"Culture is everything. Culture is the way we dress, the way we carry our heads, the way we walk, the way we tie our ties. It is not only the fact of writing books or building houses, " said a famous author once. In this page, you will get a sneak preview into Croatia's rich cultural heritage and aspects of life.
LANGUAGE: The modern Croatian language was born thanks to the union of more than nine hundred years of literature written in a mixture of Croatian Church Slavonic and vernacular language. If we zoom in on the subject we can see that Croatian Church Slavonic was abandoned by the mid-1400s but vernacular Croatian literature has been in existence for more than five centuries. Croatian is based on the Štokavian dialect (with some influence from Cakavian and Kajkavian) and written with the Latin alphabet.
MUSIC: Croatian folk music is a mishmash of different styles, each distinct in its own way. Violinists or tambura players and a Croatian mandolin accompany Kolo, a lively Slavic dance. Dalmatia's gentle guitar and accordion bands have a distinctly Italian flavour.
RELIGION: Majority of the Croats is Roman Catholic, while Serbs follow the Eastern Orthodox Church. In addition to doctrinal differences, Orthodox Christians venerate icons, let priests marry, and couldn't care less about the Pope. Thoroughly suppressed during Yugoslavia's Communist period, Roman Catholicism is now making a comeback, with most churches strongly attended every Sunday. Muslims make up 1.1% of the population and Protestants 0.4%. There's a tiny Jewish population in Zagreb.
FOOD: Croatians love a bit of oil and among the greasy delicacies is Burek, a layered pie made with meat or cheese and Piroska, a cheese donut from the Zagreb region. Inland areas are well known for Manistra Od Bobica (beans and fresh maize soup) or Struki (baked cheese dumpling). The Adriatic coast excels in seafood: regional dishes include scampi and Dalmatian brodet (mixed fish stewed with rice). Virtually every region produces its own varieties of wine.
ARCHITECTURE: The country's best Roman architectural remains are in Split and Pula. Don't miss Diocletian's Palace in Split and the amphitheatre in Pula. Other significant Roman sites include Zadar and Salona (archaeological site near Solin), while numerous smaller finds are exhibited at the archaeological museum in Split.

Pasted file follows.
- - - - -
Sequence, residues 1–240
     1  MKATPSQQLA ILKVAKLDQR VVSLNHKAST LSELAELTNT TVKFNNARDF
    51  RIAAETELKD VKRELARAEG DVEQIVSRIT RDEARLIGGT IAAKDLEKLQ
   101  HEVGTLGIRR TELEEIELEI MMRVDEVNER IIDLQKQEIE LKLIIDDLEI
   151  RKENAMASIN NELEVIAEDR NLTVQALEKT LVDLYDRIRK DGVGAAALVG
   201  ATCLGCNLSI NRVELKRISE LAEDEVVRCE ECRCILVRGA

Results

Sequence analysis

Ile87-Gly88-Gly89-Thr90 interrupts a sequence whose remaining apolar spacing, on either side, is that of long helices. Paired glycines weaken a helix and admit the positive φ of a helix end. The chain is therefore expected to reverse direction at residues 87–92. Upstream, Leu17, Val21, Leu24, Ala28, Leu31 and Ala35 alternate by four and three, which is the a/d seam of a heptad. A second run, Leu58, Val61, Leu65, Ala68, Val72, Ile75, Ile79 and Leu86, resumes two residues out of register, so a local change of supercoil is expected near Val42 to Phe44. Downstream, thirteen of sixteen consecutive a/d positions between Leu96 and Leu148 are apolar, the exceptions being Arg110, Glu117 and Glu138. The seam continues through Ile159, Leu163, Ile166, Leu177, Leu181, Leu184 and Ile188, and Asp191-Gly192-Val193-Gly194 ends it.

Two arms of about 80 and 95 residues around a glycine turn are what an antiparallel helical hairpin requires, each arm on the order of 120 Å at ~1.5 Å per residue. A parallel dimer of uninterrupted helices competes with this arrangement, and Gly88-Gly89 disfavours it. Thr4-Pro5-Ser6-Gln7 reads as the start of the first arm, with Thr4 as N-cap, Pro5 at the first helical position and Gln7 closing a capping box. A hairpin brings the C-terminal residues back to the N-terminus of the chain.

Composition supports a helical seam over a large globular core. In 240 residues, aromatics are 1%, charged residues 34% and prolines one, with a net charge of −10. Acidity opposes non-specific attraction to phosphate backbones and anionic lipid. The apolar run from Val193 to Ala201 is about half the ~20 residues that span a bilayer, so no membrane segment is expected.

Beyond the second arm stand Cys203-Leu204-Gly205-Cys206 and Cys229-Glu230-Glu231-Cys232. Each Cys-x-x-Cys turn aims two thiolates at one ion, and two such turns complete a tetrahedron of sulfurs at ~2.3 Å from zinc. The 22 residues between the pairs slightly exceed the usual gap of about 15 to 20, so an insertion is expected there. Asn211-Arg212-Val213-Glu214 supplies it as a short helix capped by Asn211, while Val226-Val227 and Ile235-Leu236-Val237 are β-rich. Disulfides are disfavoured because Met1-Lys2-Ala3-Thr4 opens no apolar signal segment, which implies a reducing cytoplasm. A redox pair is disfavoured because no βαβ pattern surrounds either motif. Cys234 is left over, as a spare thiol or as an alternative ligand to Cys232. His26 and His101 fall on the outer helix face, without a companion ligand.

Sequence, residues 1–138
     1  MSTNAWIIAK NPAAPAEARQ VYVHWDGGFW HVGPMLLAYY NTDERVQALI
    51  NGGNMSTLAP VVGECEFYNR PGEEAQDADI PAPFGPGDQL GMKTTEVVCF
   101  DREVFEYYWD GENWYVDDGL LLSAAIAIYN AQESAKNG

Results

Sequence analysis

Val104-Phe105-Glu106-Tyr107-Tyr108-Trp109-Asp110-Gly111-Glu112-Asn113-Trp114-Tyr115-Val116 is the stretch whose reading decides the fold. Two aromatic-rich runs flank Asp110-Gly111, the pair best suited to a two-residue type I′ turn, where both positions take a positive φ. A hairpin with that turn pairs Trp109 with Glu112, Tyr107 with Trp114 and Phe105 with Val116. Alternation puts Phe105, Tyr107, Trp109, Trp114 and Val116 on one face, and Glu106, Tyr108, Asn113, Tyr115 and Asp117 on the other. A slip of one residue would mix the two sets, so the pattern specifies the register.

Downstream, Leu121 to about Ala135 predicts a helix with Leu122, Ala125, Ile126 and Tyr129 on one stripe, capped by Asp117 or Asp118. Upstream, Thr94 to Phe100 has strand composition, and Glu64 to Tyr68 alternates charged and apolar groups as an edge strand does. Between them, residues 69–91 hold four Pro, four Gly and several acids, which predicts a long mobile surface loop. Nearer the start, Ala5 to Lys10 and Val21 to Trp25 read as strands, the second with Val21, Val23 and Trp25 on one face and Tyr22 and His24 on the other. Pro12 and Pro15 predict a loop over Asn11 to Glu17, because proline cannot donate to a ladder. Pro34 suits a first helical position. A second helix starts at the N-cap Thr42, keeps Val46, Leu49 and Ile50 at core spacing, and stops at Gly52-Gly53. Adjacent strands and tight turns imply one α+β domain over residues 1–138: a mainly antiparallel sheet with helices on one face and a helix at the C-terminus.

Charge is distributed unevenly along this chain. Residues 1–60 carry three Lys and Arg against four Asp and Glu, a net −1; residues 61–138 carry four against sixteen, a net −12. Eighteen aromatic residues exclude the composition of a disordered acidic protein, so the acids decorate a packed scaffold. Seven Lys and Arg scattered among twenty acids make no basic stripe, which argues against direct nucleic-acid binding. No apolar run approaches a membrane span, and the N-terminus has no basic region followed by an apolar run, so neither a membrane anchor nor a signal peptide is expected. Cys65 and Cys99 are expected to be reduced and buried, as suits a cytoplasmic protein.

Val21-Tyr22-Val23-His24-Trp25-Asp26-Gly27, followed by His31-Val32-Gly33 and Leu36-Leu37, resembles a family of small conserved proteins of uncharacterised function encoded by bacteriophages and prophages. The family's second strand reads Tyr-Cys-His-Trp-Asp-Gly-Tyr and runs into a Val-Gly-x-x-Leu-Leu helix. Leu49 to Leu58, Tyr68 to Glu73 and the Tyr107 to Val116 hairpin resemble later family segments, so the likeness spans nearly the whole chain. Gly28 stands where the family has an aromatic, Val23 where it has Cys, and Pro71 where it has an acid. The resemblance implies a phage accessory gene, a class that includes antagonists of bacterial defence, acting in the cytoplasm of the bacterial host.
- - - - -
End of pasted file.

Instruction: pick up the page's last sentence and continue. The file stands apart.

Architecturally attractive are towns of Dubrovnik, Korcula, Trogir, Sibenik and Zadar. Trogir's medieval core, surrounded by walls, comprises a preserved castle and tower and a series of dwellings and palaces from the Romanesque, Gothic, Renaissance and Baroque periods. Trogir's church of St. Lawrence is the most significant work of the Romanesque-Gothic style in the country.
In Istria, the Euphrasian Basilica of Porec, commissioned by Bishop Euphrasius in 535BC to 50BC. Basilica contains some particularly beautiful Byzantine wall mosaics. The architecture of the Croatian coastal towns is a mixture of Roman, Renaissance and Baroque.
HVAR: A medieval city that has 16th century Renaissance cathedral, the Cathedral of St Stephen.
VARAZDIN is the richest in Baroque architecture, while Zagreb is typical middle-European city with various samples of Secessionist and Neo-Baroque architectural styles. Also, well known Posavina style wooden cottage architecture is part of Croatian architectural heritage that is well preserved in the area of Lonjsko Polje - Posavina.
The best preserved among fortified medieval towns are Korcula and Dubrovnik. The Islands of Hvar and Korcula were both Venetian naval strongholds. Sibenik is coastal town with impressive architecture of St. James Cathedral.